Jewish Farmers in Connecticut


Back to the History Detectives page

Enter the Exhibit

Resources and Related Topics


From colonial times, agriculture was one of Connecticut’s major industries.  However, by the late nineteenth and early twentieth centuries, that was beginning to change. Newspaper clippings in a “Board of Agriculture Scrapbook” among the Records of the State Department of Agriculture in the State Archives reflect a trend for “yankee” farmers to put their farms up for sale due to lack of help and better paying jobs and a higher standard of living in the cities.  The Connecticut State Board of Agriculture even published descriptive catalogs of farms for sale.Photo of Newspaper Clipping "148 Farms in State for Sale..."  from Department of Agriculture Records, Box 1

Coinciding with this change, a massive emigration of Europeans to America began during this time period. Although most settled in the cities, many new Americans from Italy, Poland, and other Eastern European countries took over the land farmed by generations of “yankee” farmers, leading some to be concerned about the “alien invasion of Connecticut farms.” By 1897, 1.5 million immigrants had entered the U.S. through Ellis Island alone.

Photo of Newspaper Clipping "Alien Invasion of CT Farms" from Department of Agriculture Records, Box 1Eastern European Jews also immigrated to the United States during this period. Many fled Russia because of the political situation and arrived in America as refugees with little or no money or property. Jewish relief societies were founded in the U.S. to help the immigrants. In 1891, a wealthy Jewish financier, Baron Maurice de Hirsch, set up the Baron de Hirsch Fund. One aspect of the fund was devoted to the establishment of Jewish agricultural communities in the U.S. Items from the State Library's collection, The Agricultural Activities of the Jews in America, and Who is the Jewish Farmer? - A Sociological Study, explore this topic.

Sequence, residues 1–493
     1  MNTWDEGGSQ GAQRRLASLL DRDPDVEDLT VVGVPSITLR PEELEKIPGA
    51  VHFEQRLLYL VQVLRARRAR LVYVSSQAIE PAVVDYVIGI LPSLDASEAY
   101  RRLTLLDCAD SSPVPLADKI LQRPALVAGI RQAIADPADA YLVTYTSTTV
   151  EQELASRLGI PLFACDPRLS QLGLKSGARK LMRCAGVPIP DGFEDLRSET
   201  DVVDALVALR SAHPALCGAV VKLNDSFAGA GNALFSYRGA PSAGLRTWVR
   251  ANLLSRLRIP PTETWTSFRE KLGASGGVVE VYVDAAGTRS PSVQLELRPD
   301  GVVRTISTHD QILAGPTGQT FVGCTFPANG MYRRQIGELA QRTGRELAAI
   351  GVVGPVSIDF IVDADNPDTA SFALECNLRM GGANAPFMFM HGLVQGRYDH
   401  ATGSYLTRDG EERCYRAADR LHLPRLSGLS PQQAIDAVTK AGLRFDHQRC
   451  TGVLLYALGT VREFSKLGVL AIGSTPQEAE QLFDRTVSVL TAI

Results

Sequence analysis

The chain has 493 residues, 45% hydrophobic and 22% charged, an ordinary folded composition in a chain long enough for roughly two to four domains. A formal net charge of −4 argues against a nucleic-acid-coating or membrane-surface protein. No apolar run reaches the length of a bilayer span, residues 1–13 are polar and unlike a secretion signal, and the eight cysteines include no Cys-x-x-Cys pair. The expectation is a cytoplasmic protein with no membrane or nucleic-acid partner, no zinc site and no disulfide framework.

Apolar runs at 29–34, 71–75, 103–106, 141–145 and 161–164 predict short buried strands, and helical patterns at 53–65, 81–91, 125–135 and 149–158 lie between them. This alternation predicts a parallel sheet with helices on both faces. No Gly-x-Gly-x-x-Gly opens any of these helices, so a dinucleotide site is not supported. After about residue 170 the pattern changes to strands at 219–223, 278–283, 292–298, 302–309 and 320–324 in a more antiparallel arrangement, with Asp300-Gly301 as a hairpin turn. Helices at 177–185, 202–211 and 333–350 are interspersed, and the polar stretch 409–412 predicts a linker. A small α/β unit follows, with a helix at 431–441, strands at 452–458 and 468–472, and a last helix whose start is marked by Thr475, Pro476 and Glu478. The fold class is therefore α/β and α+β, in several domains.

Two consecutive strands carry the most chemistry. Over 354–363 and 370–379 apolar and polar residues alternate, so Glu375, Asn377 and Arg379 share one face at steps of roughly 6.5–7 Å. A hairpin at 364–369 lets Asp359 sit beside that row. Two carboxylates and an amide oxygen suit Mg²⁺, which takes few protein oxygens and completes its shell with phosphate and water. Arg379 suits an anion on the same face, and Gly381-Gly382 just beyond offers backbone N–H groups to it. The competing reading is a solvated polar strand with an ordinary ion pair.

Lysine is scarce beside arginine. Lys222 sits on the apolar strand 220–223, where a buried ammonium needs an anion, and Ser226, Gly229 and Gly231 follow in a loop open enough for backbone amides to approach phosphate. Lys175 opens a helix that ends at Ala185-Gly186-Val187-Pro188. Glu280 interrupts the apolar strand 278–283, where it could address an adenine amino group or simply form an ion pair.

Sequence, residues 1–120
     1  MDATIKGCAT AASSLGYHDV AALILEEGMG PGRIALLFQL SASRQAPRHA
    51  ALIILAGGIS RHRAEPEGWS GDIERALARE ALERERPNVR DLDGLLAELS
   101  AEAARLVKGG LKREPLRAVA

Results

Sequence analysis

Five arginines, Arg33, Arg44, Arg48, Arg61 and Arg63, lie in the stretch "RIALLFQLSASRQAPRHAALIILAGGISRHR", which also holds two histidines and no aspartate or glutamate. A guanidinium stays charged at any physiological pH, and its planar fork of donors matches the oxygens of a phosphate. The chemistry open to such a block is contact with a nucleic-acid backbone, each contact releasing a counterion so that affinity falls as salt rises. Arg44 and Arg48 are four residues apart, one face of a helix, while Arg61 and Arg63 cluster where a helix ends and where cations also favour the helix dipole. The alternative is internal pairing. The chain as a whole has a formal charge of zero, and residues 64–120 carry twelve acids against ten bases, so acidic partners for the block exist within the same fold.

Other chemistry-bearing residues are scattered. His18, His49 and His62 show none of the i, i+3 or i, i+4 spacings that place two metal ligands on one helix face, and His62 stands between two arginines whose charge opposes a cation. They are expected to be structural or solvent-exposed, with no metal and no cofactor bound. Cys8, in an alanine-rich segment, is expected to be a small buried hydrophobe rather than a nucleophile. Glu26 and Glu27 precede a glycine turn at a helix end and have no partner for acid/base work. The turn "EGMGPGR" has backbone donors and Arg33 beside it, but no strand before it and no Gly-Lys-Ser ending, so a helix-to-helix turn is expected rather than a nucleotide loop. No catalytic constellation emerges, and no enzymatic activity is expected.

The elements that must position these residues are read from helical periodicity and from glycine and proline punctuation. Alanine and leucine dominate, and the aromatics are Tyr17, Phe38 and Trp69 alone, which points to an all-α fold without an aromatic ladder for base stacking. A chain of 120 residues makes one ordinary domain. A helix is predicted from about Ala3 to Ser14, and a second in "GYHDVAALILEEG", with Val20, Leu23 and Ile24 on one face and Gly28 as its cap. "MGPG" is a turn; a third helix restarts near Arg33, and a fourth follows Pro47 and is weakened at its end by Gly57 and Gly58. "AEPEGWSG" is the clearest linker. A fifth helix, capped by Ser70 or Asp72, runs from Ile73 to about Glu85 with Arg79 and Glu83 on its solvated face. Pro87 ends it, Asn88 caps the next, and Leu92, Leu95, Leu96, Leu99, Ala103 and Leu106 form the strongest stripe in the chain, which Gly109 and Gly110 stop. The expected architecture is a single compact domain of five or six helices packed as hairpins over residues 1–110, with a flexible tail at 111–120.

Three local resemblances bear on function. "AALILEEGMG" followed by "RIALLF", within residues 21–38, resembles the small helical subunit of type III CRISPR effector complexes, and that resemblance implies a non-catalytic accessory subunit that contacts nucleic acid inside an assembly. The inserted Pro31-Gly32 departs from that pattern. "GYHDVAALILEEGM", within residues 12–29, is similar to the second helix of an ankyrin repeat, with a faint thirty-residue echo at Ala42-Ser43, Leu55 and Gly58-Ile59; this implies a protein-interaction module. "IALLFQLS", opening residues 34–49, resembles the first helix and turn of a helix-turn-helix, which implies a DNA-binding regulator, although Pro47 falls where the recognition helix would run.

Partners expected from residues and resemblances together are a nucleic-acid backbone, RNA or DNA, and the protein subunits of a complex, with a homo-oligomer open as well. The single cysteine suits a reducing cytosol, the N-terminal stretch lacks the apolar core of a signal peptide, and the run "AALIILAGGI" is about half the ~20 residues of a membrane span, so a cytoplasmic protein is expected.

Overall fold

Jewish agricultural communities soon took root in towns across Connecticut, in places such as Colchester, Norwich, East Haddam, and Newtown. In a 1928 article in the Hartford Courant, the Jewish Agricultural Society placed the number of Jewish farmers in Connecticut at 1,000 families or about 5,000 individuals.  

Life was not easy on the farms. Most farms had no electricity or running water (other than hand pumps), and no telephones.  Industrious farmers worked from sunup to sundown to take advantage of daylight, and all members of a family were often called upon to help with the work.  In the book Connecticut Speaks for Itself - Firsthand Accounts of Life in the Nutmeg State from Colonial Times to the Present Day, Albert Roth recalled his childhood spent on a small farm at the turn of the twentieth century:

"The day began very early on our thirty-acre farm in rural Harwinton, Connecticut. Everyone in our family helped with feeding the animals and milking cows. After these chores were completed, we would all come in to eat the hearty breakfast which my mother had prepared. After breakfast, it was out to the fields to hoe corn and gather vegetables. Even the small children did their part by picking berries and gathering eggs. How I hated these chores!"

The images in the exhibit represent scenes from rural Connecticut towns during the late 1800s to mid 1900s and help us to understand what life would have been like for farmers in Connecticut during this time period. To find more information about Jewish farmers, consult the materials listed on the Resources page.  Additional photographs of old houses are included in the WPA Architectural Survey.

Photo of materials in WPA architectural survey, East Haddam, "Use copies"

Prepared by the History and Genealogy Unit, August 2008